Murray Park was a powerful symbol of where David Murray wanted to take Rangers.
Construction work was stopped on hotel at Ibrox so that the allotted cash could go on the training complex that manager Dick Advocaat demanded.
For the Dutchman this was a line in the sand.
If he did not get a world class training facility then he was walking.
Murray blinked and Rangers got a training complex instead of a hotel.
The latter would have brought in revenue; the former drained away cash from day one.
People who are close to the numbers tell me that Murray Park is a huge drain on resources for the Ibrox outfit.
This was true of Rangers and it remains the case at Sevco.
Regular readers here will know, of course, that the current football operation at Ibrox is unsustainable.
A large part of that is Murray Park.
The monument to Dick Advocaat’s influence over David Murray is now on the radar of various factions within Rangers International Football Club (RIFC).
These chaps have, in the last few months, found little to agree on.
However they all see that if the running costs of Murray Park could vanish from the balance sheet then huge progress could be made towards reaching the Break Even Point.
The success of the Season Ticket strike has prevented any attempt by the chaps at RIFC from going to the City to raise further revues through a share issue.
Now Murray Park, despite the Contingent Liability from Sevco 5088, is now seen as an asset to raise finance on.
I understand that Green and White Star is the vehicle which Laxey Partners intend to use for the disposal of Murray Park.
Seeking a buyer for the training ground would be difficult given the Contingent Liability.
It would be very much a case of caveat emptor on that one.
It is worth recalling that when the Laxey/Easdale loan (which then became the Letham/Easdale loan) went through earlier this year to keep the lights on it was secured on Edmiston House and the legendary Albion car park.
As these fine pieces of Real estate were purchased after the asset purchase from Duff & Phelps then they are not subject to the Sevco 5088 legal dispute over ownership.
However another option would be for Murray Park to be used as security for another loan from Laxey to RIFC/Sevco.
Of course for that to happen then I would suspect those clever hedge fund people would need to be in discussions with a certain suave billionaire about what it would take to get him off the radar.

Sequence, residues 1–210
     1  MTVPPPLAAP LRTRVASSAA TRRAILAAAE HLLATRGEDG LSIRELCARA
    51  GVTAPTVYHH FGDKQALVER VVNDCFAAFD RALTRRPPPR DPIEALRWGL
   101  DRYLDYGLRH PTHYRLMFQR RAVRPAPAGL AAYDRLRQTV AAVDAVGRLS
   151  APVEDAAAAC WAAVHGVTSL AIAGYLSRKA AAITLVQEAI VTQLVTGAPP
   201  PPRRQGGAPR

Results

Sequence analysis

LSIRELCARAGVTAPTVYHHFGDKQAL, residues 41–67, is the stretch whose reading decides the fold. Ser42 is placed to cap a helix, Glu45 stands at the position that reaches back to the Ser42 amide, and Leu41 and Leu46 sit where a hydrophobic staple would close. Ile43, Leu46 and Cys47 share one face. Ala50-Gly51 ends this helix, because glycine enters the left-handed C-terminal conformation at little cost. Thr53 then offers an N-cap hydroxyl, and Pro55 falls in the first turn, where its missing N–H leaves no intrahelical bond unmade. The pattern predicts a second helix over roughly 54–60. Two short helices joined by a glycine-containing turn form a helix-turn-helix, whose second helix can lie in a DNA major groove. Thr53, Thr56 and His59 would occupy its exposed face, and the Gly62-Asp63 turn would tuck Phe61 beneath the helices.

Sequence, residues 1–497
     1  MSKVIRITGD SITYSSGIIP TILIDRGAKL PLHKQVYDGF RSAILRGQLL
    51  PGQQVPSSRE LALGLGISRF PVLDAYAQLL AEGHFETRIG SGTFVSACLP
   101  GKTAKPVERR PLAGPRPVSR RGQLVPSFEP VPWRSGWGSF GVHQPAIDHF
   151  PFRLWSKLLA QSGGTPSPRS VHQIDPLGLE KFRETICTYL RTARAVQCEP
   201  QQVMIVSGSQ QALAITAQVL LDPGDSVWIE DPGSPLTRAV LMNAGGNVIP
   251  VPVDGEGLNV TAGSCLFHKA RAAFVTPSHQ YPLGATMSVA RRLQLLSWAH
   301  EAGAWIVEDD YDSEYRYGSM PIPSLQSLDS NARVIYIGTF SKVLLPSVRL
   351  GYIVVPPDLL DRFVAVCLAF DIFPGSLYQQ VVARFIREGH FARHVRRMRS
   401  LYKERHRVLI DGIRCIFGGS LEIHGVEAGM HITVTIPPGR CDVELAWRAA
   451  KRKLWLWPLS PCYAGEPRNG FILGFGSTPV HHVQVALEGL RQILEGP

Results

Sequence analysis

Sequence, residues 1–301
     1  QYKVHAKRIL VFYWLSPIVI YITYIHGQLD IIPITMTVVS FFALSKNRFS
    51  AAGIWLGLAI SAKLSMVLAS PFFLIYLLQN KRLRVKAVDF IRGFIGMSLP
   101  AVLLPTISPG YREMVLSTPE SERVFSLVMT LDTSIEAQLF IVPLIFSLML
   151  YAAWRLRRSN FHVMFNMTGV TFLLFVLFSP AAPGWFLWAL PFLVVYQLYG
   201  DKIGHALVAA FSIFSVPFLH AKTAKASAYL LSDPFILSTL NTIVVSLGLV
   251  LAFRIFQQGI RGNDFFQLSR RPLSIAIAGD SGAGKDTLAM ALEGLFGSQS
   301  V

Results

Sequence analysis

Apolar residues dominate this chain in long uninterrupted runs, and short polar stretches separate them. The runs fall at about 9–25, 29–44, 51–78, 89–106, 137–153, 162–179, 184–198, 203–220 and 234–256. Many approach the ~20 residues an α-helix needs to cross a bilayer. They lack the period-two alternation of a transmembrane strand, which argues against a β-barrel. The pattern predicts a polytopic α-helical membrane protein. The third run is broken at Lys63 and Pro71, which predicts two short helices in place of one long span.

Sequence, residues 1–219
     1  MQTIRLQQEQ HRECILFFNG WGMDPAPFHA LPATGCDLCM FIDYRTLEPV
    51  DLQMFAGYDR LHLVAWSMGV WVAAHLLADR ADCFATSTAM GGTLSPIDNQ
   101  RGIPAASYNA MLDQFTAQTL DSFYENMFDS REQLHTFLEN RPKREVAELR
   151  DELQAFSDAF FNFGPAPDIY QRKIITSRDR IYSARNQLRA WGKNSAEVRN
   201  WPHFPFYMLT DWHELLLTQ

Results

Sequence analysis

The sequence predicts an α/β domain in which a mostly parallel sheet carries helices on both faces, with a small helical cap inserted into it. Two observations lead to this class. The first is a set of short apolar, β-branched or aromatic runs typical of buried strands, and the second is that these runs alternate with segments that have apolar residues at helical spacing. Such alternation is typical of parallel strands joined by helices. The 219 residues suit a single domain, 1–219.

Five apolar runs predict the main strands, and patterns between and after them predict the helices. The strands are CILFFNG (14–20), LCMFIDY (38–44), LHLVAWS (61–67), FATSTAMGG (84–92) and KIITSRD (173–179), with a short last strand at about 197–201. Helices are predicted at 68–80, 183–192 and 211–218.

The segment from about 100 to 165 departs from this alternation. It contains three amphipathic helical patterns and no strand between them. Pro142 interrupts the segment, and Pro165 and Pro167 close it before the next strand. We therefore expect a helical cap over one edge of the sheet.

It is not disputed by the people in the Blue Room that if they could ditch Murray Park and also could dispense with the services of the current management team then they would be close to Break Even Point.
A Share Option within the existing shareholders could raise between £6 -£8 million.
The annual cost of Murray Park is somewhere between £12-£13 million.
Lose that off the balance sheet and then you have a cost base of £24 million and then Break Even Point is just £6 million away.
I understand that the onerous contracts are taking out somewhere between £3 -£4miilion.
Moreover some of these contracts last for 20 years.
The recipients of these generous retainers for not doing very much will want to keep the show on the road.
Those shareholders who came in after the IPO and have seen their investment diminish see Administration as the only route to cut SOME of the costs.
It is dear reader a complete mess, just in case you were wondering.
Senior RIFC chaps spoke to three potential investors in the Square Mile recently and were told that there was no chance of any new capital being raised through a further share issue.
Charles Green was able to take the existence of a loyal customer base to potential investors in the City at the time of the IPO.
That is now off the table as social media is alive with Ibrox folk who have not renewed their Season Ticket after many years in the same seat.
The Shareholder Option and any finance raised on Murray Park (either by sale or borrowing against it) can keep the lights on while cuts are made.
Some in the Blue Room have wanted to use Administration for this austerity.
However, other major shareholders don’t fancy that route to the company reaching Break Even Point.
Although they don’t agree on much the folk running RIFC want to avoid liquidation at all costs.
Only the King across the water would benefit from such scenario
There are many moving pieces in this Carry On Film of a football club.
However, the ‘Onerous Contracts’ and the Contingent Liability to Sevco 5088 are key components of the script, one bleeds money from the business and the other prevents the company from securing normal credit.
If Mr Bomber wants to give another oration to the klan then it might well be more appropriate to do so at the gates of Murray Park rather on the steps of the stadium that he played for.